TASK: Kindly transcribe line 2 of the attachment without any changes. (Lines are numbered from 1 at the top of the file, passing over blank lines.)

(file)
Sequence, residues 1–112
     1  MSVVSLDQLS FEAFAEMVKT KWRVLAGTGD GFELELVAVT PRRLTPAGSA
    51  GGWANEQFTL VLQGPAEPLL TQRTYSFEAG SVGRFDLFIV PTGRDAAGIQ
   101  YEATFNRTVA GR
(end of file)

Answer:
     1  MSVVSLDQLS FEAFAEMVKT KWRVLAGTGD GFELELVAVT PRRLTPAGSA